NCWA welcomes Rachelle Gardner, Literary Agent for Books & Such! See end of post for links.
I was talking with a client who has a book releasing in about a year, and she was concerned about how to begin building her blog and increasing the traffic. At the moment she doesn’t have a great deal of time to devote to it, since she is still writing her book. We brainstormed and I gave her several tips off the top of my head — simple things she could immediately begin to change about her blog, that wouldn’t change her blog traffic immediately, but over time would have a positive effect. Here are the things we discussed.
1. Focus first on improving the content of your blog rather than any fancy strategies for increasing traffic. The better your content, the more your blog readership will naturally grow.
2. Make sure every post contains a single main idea. It can be supported by related ideas, but do not ramble. One idea.
3. Keep your posts brief. As little as 300 words can make a good blog post. Try not to go over 500 words, occasionally 600 but don’t do longer posts too often.
4. Make use of bold fonts and subheads for emphasis whenever possible (without overdoing it and becoming annoying). Your goal is to create a user-friendly reading experience. Your reader must be able to scan your post for important thoughts and key words to determine whether they want to pay more attention and read carefully.
5. Use bullet points or numbered lists when it makes sense; this is just another way to create a simple and positive reading experience.
6. Incorporate humor whenever possible. Don’t take yourself too seriously! Show readers that you’re a real person; make sure your posts have personality.
7. Be controversial. Many people shy away from it — writing things with which people are sure to disagree can be scary! But controversy draws people out of their shell and encourages dialogue, and often can increase the level of reader engagement on your blog. It can also get you more “shares” and more traffic.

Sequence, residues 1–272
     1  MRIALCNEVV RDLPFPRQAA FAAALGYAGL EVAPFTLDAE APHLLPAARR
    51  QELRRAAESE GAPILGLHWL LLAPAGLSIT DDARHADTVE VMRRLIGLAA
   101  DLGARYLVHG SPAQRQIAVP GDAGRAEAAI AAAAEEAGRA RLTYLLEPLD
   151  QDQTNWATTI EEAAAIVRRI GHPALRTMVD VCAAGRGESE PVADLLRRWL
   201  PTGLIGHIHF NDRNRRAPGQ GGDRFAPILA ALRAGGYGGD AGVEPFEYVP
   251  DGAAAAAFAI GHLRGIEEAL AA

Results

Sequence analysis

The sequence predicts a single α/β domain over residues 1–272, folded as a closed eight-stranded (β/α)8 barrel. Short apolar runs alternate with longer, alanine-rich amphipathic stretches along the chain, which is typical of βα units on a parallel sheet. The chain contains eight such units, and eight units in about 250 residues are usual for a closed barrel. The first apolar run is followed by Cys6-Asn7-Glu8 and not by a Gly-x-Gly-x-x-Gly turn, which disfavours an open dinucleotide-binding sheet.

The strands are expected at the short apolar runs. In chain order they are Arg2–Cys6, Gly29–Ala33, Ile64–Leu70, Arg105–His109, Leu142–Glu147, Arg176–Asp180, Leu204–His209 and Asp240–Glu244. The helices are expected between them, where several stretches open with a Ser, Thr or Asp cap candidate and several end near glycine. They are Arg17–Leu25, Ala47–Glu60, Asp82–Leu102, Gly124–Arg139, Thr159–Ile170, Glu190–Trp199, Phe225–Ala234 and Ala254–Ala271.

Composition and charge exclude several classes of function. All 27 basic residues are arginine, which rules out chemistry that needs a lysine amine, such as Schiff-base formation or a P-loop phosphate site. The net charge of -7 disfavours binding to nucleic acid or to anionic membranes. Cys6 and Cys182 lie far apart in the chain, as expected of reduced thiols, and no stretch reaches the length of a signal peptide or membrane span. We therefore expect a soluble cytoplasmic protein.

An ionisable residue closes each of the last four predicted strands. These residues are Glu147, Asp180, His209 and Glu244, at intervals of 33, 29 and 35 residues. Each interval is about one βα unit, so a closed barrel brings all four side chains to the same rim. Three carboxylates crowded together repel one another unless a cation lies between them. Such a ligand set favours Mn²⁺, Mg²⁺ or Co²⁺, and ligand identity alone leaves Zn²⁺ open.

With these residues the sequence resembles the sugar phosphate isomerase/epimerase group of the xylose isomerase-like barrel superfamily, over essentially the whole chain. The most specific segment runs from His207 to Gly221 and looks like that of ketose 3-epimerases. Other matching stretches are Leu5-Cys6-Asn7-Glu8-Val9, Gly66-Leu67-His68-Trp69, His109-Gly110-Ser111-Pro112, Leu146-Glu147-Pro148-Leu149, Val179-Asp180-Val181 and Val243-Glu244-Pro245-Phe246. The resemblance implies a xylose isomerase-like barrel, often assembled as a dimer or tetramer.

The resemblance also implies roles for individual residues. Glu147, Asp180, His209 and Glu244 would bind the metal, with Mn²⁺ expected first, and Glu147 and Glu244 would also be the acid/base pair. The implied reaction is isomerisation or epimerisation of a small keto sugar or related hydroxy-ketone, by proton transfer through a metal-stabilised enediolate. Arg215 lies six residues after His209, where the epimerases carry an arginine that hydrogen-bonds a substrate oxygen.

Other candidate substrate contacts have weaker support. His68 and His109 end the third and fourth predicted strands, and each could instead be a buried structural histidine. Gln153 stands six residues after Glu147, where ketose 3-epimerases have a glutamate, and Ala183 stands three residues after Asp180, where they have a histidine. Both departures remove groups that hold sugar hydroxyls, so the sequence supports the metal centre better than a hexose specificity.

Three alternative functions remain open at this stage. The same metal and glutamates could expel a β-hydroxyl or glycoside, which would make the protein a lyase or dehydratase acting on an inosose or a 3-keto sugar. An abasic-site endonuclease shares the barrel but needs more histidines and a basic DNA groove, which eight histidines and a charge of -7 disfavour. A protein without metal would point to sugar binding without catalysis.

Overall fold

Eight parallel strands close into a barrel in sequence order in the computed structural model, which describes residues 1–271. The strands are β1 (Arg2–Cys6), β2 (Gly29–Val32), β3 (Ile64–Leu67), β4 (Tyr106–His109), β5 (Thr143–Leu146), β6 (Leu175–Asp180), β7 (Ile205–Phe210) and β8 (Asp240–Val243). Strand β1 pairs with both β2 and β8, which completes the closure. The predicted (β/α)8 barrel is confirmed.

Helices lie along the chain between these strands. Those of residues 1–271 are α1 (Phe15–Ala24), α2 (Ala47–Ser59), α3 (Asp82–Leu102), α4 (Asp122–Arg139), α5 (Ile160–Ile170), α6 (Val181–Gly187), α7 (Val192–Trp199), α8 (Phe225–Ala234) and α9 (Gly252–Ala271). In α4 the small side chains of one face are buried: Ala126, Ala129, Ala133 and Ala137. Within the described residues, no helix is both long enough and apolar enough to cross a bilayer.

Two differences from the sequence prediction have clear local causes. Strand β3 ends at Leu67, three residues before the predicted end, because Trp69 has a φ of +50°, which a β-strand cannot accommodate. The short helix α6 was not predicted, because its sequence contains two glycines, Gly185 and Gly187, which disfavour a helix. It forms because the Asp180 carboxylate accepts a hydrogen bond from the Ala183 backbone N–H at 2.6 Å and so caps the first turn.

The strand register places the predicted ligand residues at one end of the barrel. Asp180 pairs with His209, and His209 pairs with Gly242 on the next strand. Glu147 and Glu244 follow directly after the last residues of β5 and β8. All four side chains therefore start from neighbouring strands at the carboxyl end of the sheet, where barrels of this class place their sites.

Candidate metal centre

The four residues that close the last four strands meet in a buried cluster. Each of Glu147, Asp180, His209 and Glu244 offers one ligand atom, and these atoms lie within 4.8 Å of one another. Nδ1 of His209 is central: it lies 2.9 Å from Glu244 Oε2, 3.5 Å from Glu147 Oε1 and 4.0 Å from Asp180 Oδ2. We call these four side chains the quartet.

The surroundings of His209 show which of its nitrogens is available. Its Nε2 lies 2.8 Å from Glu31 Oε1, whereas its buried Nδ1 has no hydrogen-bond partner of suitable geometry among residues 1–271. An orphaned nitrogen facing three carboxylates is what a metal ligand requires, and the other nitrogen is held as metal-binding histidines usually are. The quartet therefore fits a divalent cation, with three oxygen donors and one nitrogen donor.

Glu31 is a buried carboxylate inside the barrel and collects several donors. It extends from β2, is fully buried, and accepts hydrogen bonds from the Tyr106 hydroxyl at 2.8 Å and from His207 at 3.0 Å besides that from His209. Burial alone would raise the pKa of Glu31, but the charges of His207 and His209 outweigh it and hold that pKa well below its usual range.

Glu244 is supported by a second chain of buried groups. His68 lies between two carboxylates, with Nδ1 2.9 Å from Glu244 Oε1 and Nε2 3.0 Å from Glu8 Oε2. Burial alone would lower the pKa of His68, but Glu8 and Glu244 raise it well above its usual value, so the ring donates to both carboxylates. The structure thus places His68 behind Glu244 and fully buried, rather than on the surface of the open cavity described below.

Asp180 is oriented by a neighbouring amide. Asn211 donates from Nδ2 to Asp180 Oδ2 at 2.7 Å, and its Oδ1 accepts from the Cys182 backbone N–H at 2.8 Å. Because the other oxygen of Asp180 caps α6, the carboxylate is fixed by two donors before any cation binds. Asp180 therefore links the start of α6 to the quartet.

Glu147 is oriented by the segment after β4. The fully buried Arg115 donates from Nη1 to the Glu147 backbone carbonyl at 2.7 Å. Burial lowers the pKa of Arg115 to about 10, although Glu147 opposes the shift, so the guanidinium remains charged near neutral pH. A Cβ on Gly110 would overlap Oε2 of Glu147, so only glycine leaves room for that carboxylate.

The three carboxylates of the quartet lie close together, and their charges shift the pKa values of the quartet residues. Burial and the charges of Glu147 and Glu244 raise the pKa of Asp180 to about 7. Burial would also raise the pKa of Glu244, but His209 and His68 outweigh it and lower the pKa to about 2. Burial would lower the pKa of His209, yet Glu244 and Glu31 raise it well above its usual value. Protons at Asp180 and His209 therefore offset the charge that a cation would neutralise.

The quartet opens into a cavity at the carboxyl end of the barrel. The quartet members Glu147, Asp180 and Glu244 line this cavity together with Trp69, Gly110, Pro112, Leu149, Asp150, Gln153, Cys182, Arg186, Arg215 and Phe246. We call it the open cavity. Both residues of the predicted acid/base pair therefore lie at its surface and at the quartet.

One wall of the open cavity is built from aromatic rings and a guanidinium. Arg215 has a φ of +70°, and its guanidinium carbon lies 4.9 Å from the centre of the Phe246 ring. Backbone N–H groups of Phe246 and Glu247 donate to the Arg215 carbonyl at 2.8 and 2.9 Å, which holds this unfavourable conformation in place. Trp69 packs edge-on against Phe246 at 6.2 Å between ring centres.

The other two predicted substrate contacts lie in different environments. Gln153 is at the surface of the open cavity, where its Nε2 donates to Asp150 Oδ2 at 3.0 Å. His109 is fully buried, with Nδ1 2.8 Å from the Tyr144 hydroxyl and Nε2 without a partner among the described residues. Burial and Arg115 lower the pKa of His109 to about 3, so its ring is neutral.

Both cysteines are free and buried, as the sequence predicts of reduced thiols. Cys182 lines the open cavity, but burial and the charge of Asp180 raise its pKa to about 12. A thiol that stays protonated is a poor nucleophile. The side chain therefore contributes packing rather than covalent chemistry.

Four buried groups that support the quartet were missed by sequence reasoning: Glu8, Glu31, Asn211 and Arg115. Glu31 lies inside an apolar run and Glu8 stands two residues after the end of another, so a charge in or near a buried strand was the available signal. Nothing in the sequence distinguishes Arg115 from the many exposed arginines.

9. Intentionally spur conversation in your comment section, by asking a question or encouraging your readers to share their opinion or their story. If you don’t do this, you’d be surprised how few people will take the time to comment.
10. Make it easy for readers to comment. Don’t make them sign in or jump through other hoops. Most of the time, they’ll just skip it.
11. Think carefully about your post titles. I often come up with very cute titles, but scrap them in favor of something more boring but likely to draw in readers from a Google search. If you can word your post title in a way that exactly matches how people might search on Google, you’re likely to draw in more readers.
12. When using Twitter and Facebook to promote your blog, never say “New post!” or “Visit my blog!” Always offer the reader something valuable. This might be “Today’s blog post teaches 13 simple steps for improving your blog.” Or it could be a quote from your post. Or you could post your blog question on Twitter and Facebook, and send readers to your blog to chime in with their thoughts.
13. Always keep a running idea file. Make it easily accessible and jot down EVERY possible post idea you have. I keep one on my computer which is also accessible on my phone so I can write down ideas on-the-go. Once you’ve created an idea file and get in the habit of using it, you will find yourself looking at the world differently. Suddenly every experience is a possible blog idea! This can be your most valuable tool in increasing the attractiveness of your content.
All of these ideas are meant to help you create the most satisfying reading experience on your blog. You want readers to love visiting your blog, and look forward to coming back.
What strategies have YOU used to improve your blog? What good blog tips have you heard lately that you are willing to share?
P.S. I broke one of my rules today; this post is 694 words!
© 2012 Rachelle Gardner, Literary Agent
Rachelle Gardner is an agent with Books and Such Literary Agency, representing both fiction and non-fiction. She’s looking for mainstream commercial projects for both the Christian and general markets. In non-fiction and memoirs, she looks for authors with established platforms, strong marketing hooks and an understanding of how to use social media. Non-fiction authors must have a book proposal and three sample chapters to be considered. She’s also seeking all kinds of fiction, and authors must have a completed manuscript to be considered.
Rachelle’s blog and homepage: www.rachellegardner.com
Agency website: Books & Such Literary Agency